Andere tijden is originally a Dutch tv show about various historical topics (Literally translated Andere tijden = Other times). In 2020 there were also several items put online, for example about the exile of the German Emperor Wilhelm II in the Netherlands and in specific which (unknown) rol played by Queen Wilhelmina. According to the official lecture she was rather suprised by Wilhelms arrival. But according to a Dutch historian there was more to the story:

https://www.youtube.com/watch?v=Lxo7FK95G20
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« Reply #67 on: April 21, 2021, 12:10:54 AM »

After Germany invaded The Netherlands on May 10, 1940, Queen Wilhelmina left for England with her family and members of the Cabinet.   
Who were the Cabinet members?
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« Reply #68 on: April 21, 2021, 10:41:33 AM »

After Germany invaded The Netherlands on May 10, 1940, Queen Wilhelmina left for England with her family and members of the Cabinet.    
Who were the Cabinet members?

https://nl.wikipedia.org/wiki/Londens_kabinet

Roughly translated to English as:

London cabinet

The London cabinet refers to the four cabinets that, together with Queen Wilhelmina, formed the Dutch government in exile during World War II, which was headquartered in London.

preface
In August 1939, the fifth Colijn cabinet was succeeded by the De Geer II cabinet, which included Social Democrats for the first time. Shortly after the cabinet took office, the Dutch army was mobilized. A few weeks later, the Second World War broke out. The Netherlands remained neutral until the German invasion the following year.

Transfer of authority and departure
>  See also Royal Family and Government evacuation
On May 10, 1940 at 9 a.m., a few hours after the German invasion of the Netherlands, Minister of Foreign Affairs Van Kleffens and Minister of Colonies Welter departed from Scheveningen beach by seaplane of the Naval Aviation Service for London.

On May 13, 1940, Queen Wilhelmina left Hook of Holland with the British destroyer HMS Hereward. She arrived in England later that day.

On May 13, 1940, the remaining ministers from the second De Geer cabinet also left for Hoek van Holland to go from there with an English destroyer to London, except for Minister of Trade, Industry and Shipping Max Steenberghe and Minister of Agriculture and Fisheries Arie Adriaan van Rhijn, who initially decided to stay.

The same day, Minister Steenberghe, on behalf of the queen and the cabinet, transferred governmental authority in the Netherlands to Henri Winkelman and requested the secretaries-general (SGs) to behave in accordance with Winkelman's instructions. At the request of the other ministers, Steenberghe and Van Rhijn went to Hook of Holland after all to go with them to London. Secretary-General Johannes Regnerus Maria van Angeren of Justice feared the Germans because as SG he was in favor of tough action against the National Socialists and therefore went along. Jan Coenraad Tenkink became acting SG. Later, in 1942, Van Angeren became Minister of Justice in London.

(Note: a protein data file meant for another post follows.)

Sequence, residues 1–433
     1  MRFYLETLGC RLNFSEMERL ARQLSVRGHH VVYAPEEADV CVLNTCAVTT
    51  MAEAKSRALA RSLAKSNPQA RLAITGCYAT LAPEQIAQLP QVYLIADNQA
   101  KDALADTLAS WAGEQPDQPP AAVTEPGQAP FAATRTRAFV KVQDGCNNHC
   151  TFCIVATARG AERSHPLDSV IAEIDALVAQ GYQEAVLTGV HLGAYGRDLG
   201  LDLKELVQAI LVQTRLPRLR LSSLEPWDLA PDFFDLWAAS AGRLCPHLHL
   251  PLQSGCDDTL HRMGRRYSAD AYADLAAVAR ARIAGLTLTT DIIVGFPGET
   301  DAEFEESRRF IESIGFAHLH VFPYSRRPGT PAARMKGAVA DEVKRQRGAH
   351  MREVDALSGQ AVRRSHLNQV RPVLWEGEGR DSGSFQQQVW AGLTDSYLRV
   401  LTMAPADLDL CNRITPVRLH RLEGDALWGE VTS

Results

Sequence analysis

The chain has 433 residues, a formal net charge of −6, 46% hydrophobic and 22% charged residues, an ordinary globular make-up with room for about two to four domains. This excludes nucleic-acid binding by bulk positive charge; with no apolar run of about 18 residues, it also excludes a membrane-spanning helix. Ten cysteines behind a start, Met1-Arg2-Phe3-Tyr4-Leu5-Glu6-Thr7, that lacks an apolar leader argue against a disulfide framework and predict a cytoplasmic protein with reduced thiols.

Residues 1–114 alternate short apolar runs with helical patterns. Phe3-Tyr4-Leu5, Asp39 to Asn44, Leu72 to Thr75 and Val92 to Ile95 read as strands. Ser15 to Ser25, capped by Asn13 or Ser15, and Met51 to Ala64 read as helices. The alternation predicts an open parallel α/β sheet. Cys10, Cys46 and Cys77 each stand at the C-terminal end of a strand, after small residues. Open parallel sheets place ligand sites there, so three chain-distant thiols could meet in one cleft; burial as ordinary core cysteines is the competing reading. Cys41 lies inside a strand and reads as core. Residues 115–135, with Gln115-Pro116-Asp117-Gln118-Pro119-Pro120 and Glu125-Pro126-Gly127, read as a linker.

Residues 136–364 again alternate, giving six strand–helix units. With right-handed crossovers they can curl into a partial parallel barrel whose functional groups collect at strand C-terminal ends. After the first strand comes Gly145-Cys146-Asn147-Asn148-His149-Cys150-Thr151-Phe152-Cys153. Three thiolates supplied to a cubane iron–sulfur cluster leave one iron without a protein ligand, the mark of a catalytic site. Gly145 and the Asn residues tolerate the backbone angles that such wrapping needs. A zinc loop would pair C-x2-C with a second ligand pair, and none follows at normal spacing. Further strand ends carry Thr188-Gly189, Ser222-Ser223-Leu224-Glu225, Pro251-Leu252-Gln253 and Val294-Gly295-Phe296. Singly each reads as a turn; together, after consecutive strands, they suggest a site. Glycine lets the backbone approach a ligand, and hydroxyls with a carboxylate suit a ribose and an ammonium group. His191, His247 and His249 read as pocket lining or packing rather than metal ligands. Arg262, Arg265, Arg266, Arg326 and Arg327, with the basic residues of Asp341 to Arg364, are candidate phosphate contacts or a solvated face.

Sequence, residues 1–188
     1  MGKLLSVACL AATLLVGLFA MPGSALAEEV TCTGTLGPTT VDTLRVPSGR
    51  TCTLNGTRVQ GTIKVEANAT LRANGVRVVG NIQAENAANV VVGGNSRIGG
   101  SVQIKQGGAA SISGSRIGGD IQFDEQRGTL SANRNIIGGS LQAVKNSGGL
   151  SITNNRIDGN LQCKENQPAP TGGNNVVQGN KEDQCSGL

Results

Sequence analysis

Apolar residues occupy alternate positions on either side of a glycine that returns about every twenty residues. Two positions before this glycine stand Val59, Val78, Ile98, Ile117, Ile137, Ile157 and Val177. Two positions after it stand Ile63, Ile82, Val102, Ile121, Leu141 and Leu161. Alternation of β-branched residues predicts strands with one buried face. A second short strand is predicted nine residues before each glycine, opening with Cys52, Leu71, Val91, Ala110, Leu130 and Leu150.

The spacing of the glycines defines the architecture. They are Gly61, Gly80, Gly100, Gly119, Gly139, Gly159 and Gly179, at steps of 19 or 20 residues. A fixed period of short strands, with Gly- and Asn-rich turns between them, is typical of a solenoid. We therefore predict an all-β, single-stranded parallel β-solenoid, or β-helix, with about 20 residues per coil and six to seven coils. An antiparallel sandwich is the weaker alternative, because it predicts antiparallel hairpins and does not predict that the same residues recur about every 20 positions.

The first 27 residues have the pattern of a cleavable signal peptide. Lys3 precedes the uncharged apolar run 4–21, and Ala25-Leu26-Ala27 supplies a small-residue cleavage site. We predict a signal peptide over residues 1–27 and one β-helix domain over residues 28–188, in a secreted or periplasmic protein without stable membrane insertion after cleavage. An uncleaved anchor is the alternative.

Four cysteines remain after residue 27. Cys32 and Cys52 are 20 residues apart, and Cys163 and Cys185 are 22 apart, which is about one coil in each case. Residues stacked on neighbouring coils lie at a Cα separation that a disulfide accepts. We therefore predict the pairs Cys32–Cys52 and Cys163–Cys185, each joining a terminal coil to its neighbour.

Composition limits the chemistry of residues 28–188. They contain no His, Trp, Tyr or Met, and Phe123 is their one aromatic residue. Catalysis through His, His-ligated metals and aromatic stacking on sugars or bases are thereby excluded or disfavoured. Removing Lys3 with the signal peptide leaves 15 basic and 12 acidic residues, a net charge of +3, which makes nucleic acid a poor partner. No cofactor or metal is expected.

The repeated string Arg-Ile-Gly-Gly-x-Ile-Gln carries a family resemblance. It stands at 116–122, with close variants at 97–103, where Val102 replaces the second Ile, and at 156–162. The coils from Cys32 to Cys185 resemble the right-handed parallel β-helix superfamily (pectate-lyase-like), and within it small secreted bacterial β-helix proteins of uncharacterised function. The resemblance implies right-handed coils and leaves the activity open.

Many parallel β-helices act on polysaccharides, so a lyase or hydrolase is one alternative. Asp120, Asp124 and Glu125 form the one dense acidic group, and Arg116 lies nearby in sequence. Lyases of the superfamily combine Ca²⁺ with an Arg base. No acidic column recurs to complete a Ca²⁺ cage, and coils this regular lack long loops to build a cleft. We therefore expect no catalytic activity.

Government
So the government settled in London. Because there was no parliamentary control in London, the queen was able to leave an important mark on the cabinet. Due to De Geer's uncomplicated attitude, she brought about his replacement by Gerbrandy in September 1940. Afterwards, various ministers also had to leave the field, in which Wilhelmina often played an important role.

For the cabinets, the fight against Germany (and later also Japan) was the most important task. In addition, policy focused on preparing for the recovery of the Netherlands after the liberation.

From 1940 to 1945, two versions of the Official Gazette of the Kingdom of the Netherlands and the Government Gazette were published, one from the London cabinet and one from the occupied Netherlands. The London and post-war government journals from 1940 to 1950 also had a letter per year, A for the remainder of 1940, to K for 1950. This also distinguishes them from the official journals of Commander-in-Chief Henri Winkelman, indicated by the letter O, and those issued under Seyss-Inquart, indicated by the letter S.

Since there was no parliament, there were no formal laws, only royal decrees. On the basis of subjective state imperative law (that is, not regulated in the Constitution), these could have the force of law, thus regulating matters that in normal times can only be regulated by law. Such decisions were called legal acts. After the war, the Supreme Court decided that these were valid.

Legislative Decree A1 stipulated that the Dutch state would temporarily become the owner of foreign assets and assets of persons and companies established in the occupied Netherlands, so that they could not be forced to transfer funds, sales proceeds, etc. to an intermediary in a neutral country who would divert it to the occupier. The neutral European states, especially Switzerland, generally did not adhere to this. The United States (US), on the other hand, had already frozen assets in the US from occupied territories by means of Executive Order 8389.